Chicago Cubs: What Needs to Happen to Win It All

Paul Augustin, Jr.Senior Analyst IJune 16, 2008

1908.  Bartman.  The Billy Goat.  This year's Chicago Cubs team does not care. 

Maybe they shouldn't.

They have the majors' best record (45-25 as of June 16) and lead the majors in run differential at +108.

Despite a 16-17 road record, they are actually the fourth best team in the majors on the road and own an NL best 29-8 home mark.

Soriano's injury will be a blow, but the Cubs are 12-6 this year without him, and he will be back at the end of the summer to help his team win the division and lock down a playoff spot. 

However, the Cubs need to make a move by the July 31 trade deadline to bolster their starting rotation.

While Carlos Zambrano is a true ace and, along with Ryan Dempster, sports an 8-2 record and an ERA below three, Chicago's other three starters are inconsistent.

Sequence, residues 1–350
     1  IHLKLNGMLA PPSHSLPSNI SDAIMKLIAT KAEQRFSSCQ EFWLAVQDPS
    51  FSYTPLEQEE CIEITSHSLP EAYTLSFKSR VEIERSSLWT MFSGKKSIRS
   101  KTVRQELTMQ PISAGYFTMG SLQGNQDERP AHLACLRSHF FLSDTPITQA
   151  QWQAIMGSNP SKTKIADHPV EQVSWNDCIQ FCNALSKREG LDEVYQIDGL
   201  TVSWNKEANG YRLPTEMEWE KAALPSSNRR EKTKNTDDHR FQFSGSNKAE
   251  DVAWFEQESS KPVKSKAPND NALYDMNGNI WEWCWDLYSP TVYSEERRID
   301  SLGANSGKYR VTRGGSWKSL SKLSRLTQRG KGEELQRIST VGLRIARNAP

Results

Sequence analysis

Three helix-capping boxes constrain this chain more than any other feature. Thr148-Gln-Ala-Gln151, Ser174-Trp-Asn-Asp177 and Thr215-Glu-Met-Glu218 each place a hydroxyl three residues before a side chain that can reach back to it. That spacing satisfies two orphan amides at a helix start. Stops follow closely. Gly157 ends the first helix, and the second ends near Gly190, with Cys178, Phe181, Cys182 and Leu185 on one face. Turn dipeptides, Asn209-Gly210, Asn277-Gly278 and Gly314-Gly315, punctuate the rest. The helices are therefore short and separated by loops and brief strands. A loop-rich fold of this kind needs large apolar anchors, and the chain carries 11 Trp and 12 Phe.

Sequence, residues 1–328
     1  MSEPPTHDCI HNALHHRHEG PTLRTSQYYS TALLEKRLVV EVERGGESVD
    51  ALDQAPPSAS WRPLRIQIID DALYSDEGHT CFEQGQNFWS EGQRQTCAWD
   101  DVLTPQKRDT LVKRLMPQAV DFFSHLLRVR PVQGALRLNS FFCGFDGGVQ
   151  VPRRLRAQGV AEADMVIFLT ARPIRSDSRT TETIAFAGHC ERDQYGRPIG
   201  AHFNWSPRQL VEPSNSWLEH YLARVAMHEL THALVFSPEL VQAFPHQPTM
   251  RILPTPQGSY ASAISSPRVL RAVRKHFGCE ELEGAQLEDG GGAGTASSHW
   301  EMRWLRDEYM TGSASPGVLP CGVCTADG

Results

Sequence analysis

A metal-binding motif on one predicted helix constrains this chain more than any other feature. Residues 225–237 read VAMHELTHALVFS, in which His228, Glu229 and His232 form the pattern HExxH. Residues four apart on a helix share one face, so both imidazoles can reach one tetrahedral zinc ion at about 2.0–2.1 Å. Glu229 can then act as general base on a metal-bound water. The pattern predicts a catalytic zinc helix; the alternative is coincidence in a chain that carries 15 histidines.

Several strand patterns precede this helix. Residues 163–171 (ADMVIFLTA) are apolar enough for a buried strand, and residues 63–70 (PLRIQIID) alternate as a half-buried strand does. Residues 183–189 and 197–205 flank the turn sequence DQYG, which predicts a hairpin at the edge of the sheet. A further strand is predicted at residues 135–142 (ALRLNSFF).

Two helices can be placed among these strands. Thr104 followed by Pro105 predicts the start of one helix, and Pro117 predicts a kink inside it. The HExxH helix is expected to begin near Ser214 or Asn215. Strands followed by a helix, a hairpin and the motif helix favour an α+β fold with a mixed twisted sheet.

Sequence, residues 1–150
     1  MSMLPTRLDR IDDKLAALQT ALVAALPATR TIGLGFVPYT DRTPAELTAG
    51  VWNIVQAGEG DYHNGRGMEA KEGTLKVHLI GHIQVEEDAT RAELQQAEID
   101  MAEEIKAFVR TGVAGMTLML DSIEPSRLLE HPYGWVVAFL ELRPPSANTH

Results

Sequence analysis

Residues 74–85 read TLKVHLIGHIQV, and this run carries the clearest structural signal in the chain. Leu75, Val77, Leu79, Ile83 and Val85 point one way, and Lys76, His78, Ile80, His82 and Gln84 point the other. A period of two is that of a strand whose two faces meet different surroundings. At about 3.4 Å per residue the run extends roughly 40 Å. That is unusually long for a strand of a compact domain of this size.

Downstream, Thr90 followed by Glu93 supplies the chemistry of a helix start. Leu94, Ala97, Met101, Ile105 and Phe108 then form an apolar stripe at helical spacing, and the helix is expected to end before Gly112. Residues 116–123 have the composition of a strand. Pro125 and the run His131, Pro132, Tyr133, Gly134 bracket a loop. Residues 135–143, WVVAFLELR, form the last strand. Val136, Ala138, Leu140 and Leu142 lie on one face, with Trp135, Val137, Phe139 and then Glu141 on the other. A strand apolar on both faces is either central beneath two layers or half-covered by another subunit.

Ted Lilly, Jason Marquis, and Sean Gallagher are back of the rotation pitchers who have not performed consistently and cannot be counted on to win big in the postseason. 

While Zambrano pitched well against the Diamondbacks in the 2007 postseason, Lilly was ineffective in a Game Two loss, and Marquis was skipped over in favor of Rich Hill. 

As of June 16, there seems to be a quality pitcher on the trade market: Erik  Bedard.

The Seattle Mariners, a popular preseason pick to win the AL West, have the worst record in the majors and have fired their GM.

Bedard's numbers are not sizzling (4-4, 4.14 ERA) but would be a solid number two or three starter for the Cubs.  In his last ten games, he has six quality starts.

If Bedard were to become a member of the Cubs, he would not have the pressure of being the ace of a staff.  He could also expect to get more run support.  The Mariners are the lowest scoring team in the majors while the Cubs are the highest.

If the Cubs hope to reverse the curse this year, it would be in their best interest to acquire some starting pitching they can count on down the stretch and in the postseason.